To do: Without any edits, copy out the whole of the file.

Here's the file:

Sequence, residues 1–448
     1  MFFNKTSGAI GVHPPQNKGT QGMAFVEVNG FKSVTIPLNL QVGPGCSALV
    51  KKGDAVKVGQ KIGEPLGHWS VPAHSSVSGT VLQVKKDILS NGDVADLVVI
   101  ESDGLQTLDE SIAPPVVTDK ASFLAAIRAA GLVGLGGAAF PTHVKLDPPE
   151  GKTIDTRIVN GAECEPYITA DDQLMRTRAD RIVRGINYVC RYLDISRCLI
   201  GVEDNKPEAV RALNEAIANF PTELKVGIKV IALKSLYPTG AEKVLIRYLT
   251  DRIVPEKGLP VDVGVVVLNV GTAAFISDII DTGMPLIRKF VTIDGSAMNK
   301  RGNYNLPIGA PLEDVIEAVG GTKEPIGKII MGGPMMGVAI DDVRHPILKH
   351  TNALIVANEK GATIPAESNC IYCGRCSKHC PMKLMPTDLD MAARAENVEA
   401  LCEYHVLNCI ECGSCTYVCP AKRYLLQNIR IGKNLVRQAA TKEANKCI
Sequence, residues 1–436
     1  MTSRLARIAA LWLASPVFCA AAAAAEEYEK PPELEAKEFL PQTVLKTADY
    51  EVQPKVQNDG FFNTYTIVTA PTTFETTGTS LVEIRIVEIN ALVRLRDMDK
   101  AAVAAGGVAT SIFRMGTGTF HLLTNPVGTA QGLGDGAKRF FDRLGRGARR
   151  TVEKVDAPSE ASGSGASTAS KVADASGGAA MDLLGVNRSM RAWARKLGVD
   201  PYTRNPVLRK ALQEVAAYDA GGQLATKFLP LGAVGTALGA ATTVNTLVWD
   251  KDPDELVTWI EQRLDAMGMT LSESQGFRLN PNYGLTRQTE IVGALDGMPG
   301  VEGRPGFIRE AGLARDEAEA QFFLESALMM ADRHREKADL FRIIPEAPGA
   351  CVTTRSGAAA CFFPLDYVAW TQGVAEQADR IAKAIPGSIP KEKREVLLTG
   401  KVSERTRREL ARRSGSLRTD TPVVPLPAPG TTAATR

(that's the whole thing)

Sequence, residues 1–448
     1  MFFNKTSGAI GVHPPQNKGT QGMAFVEVNG FKSVTIPLNL QVGPGCSALV
    51  KKGDAVKVGQ KIGEPLGHWS VPAHSSVSGT VLQVKKDILS NGDVADLVVI
   101  ESDGLQTLDE SIAPPVVTDK ASFLAAIRAA GLVGLGGAAF PTHVKLDPPE
   151  GKTIDTRIVN GAECEPYITA DDQLMRTRAD RIVRGINYVC RYLDISRCLI
   201  GVEDNKPEAV RALNEAIANF PTELKVGIKV IALKSLYPTG AEKVLIRYLT
   251  DRIVPEKGLP VDVGVVVLNV GTAAFISDII DTGMPLIRKF VTIDGSAMNK
   301  RGNYNLPIGA PLEDVIEAVG GTKEPIGKII MGGPMMGVAI DDVRHPILKH
   351  TNALIVANEK GATIPAESNC IYCGRCSKHC PMKLMPTDLD MAARAENVEA
   401  LCEYHVLNCI ECGSCTYVCP AKRYLLQNIR IGKNLVRQAA TKEANKCI
Sequence, residues 1–436
     1  MTSRLARIAA LWLASPVFCA AAAAAEEYEK PPELEAKEFL PQTVLKTADY
    51  EVQPKVQNDG FFNTYTIVTA PTTFETTGTS LVEIRIVEIN ALVRLRDMDK
   101  AAVAAGGVAT SIFRMGTGTF HLLTNPVGTA QGLGDGAKRF FDRLGRGARR
   151  TVEKVDAPSE ASGSGASTAS KVADASGGAA MDLLGVNRSM RAWARKLGVD
   201  PYTRNPVLRK ALQEVAAYDA GGQLATKFLP LGAVGTALGA ATTVNTLVWD
   251  KDPDELVTWI EQRLDAMGMT LSESQGFRLN PNYGLTRQTE IVGALDGMPG
   301  VEGRPGFIRE AGLARDEAEA QFFLESALMM ADRHREKADL FRIIPEAPGA
   351  CVTTRSGAAA CFFPLDYVAW TQGVAEQADR IAKAIPGSIP KEKREVLLTG
   401  KVSERTRREL ARRSGSLRTD TPVVPLPAPG TTAATR